Sandeep Mukherjee, Guggenheim Fellowship, Mini Cooper

For his first Guggenheim Fellowship project, Mukherjee will use his 2006 Mini Cooper hatchback as a mold. Using 4x4-foot industrial grade aluminum sheets, he will map the outside of the car, hand mold and press against the aluminum and then spray paint them with acrylic. 

Pomona College Associate Professor of Art Sandeep Mukherjee has been awarded a prestigious 2017 John Simon Guggenheim Memorial Foundation Fellowship granted on the basis of demonstrated exceptional creative ability in the arts. He is among 173 U.S. scholars, artists and scientists chosen from a group of nearly 3,000 applicants.

For more than a decade Mukherjee’s work has explored the notion of abstracting as a means to slice or carve a particular aspect of flowing matter. Working in painting, drawing and installation, his work is process-oriented and improvisational. The Los Angeles-based artist, originally from Pune, India, has works in numerous public collections, including those of MOCA, Los Angeles; MOMA, New York; LACMA; Hammer Museum, Los Angeles, the Kiran Nadar Museum of Art in New Delhi and the Jumex Collection, Mexico City.

“My work investigates material limits as a strategy to engage perceptual subjectivity and affect,” says Mukherjee. “The material transformations push the conceptual limits of the work while insisting on the physicality of the human body and its corporeal index in the work and the world.”

As an artist, Mukherjee’s background in the sciences as an industrial engineer inspire his technique, choice of materials and process.  His personal story and the cross-cultural effects of growing up in India influence his work as well. As a child, he described objects to his blind grandmother and in turn, she described the objects as she experienced them through tact and texture. This experience of translation plays a big role in his installations since haptic sensitivity and modularity are important aspects of the work.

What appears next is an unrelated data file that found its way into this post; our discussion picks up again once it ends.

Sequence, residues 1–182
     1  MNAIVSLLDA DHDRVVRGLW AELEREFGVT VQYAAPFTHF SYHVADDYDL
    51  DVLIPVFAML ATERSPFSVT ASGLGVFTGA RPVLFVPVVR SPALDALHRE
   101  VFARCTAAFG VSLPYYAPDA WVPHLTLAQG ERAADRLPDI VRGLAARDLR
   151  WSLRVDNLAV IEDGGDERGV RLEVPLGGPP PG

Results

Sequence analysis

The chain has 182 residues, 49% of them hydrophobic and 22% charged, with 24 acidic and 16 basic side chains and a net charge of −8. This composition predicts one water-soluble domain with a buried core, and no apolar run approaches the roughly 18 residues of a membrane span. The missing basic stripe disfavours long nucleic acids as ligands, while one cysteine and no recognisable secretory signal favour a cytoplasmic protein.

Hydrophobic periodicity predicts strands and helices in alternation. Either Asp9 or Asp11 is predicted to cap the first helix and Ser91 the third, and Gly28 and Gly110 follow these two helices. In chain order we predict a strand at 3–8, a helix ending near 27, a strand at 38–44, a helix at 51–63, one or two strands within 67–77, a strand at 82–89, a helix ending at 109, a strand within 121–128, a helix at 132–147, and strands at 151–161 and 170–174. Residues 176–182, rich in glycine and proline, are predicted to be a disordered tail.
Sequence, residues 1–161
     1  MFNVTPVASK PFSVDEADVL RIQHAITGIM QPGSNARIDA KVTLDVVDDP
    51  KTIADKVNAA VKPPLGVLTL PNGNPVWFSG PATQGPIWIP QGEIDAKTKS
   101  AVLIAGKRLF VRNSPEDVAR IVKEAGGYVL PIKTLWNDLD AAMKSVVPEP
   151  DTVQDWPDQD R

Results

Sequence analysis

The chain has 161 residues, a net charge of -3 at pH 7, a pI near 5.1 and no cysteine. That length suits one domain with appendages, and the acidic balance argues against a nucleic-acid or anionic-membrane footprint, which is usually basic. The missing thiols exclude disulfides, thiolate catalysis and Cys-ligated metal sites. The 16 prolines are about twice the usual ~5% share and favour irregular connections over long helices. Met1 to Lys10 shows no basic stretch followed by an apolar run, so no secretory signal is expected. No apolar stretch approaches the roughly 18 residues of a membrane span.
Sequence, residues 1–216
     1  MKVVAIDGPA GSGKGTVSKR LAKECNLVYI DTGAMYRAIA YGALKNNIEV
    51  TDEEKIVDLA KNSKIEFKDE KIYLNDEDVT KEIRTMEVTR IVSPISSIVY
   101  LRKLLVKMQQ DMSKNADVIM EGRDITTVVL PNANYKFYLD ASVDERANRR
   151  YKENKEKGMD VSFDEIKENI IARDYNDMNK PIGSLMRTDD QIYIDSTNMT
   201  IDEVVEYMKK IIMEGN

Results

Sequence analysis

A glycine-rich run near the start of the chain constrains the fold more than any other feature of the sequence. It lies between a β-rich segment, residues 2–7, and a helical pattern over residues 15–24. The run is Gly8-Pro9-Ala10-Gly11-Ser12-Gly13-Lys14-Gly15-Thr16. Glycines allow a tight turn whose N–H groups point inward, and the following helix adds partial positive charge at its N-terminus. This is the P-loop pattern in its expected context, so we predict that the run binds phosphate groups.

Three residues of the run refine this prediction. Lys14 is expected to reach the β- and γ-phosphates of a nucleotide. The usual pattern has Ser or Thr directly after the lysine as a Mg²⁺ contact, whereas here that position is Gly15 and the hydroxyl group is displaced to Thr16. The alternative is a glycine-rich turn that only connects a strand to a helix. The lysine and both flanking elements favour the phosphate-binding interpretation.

Mukherjee has plans for two projects for the year-long Guggenheim Fellowship. Both projects involve painted and folded aluminum sculptures one which will be exhibited at 68projects gallery in Berlin this September.

For his first project, Mukherjee will use his 2006 Mini Cooper hatchback as a mold. Using 4x4-foot industrial grade aluminum sheets, he will map the outside of the car and then hand mold and press against the aluminum. The 18 sculpted aluminum surfaces are then painted on both sides with acrylic from spray bottles, an action that mimics mist or rain as falls onto the molded surfaces. The works will be suspended from the ceiling by wire and each piece will be adjusted for center of gravity fluctuations so that the aggregate holds itself together as a continuous surface.

Using a similar concept for his second project, Mukherjee will use his body as a mold that will be wrapped and unwrapped over time with aluminum sheets sized and fashioned in the manner of clothing such as saris, lungis, dhotis, shawls or scarves. After the aluminum sheets have been wrapped around Mukherjee’s body, they are unwrapped and uncoiled onto the floor and then spray painted with acrylic. This installation of various garment sculptures is mutable and can be altered according to the exhibition site to be determined in Los Angeles or Mumbai.

Since its establishment in 1925, the Guggenheim Foundation has granted more than $350 million in fellowships to over 18,000 individuals, among whom are scores of Nobel laureates, Fields Medalists, Turing Award winners, poets laureate, members of the various national academies, winners of the Pulitzer Prize, and other important, internationally recognized honors.